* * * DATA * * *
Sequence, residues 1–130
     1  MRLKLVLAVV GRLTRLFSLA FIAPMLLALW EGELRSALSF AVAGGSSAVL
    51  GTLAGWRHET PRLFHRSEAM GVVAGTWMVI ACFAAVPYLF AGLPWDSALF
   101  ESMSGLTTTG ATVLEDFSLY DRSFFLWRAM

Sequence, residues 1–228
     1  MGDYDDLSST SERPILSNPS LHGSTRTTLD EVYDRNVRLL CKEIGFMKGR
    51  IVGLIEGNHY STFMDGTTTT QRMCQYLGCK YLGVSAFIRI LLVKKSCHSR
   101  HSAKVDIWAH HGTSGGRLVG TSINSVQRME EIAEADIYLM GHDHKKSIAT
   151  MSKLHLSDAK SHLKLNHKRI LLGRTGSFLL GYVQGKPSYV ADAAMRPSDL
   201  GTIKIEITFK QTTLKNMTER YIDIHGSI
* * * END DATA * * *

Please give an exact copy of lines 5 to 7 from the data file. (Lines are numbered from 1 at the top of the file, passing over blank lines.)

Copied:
Sequence, residues 1–228
     1  MGDYDDLSST SERPILSNPS LHGSTRTTLD EVYDRNVRLL CKEIGFMKGR
    51  IVGLIEGNHY STFMDGTTTT QRMCQYLGCK YLGVSAFIRI LLVKKSCHSR